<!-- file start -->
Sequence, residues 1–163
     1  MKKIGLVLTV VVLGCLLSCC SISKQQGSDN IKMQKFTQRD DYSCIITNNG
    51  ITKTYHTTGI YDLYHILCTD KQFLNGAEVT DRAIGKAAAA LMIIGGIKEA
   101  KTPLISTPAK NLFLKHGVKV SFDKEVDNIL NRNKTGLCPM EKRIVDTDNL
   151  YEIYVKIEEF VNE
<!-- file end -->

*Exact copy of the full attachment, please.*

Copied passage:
Sequence, residues 1–163
     1  MKKIGLVLTV VVLGCLLSCC SISKQQGSDN IKMQKFTQRD DYSCIITNNG
    51  ITKTYHTTGI YDLYHILCTD KQFLNGAEVT DRAIGKAAAA LMIIGGIKEA
   101  KTPLISTPAK NLFLKHGVKV SFDKEVDNIL NRNKTGLCPM EKRIVDTDNL
   151  YEIYVKIEEF VNE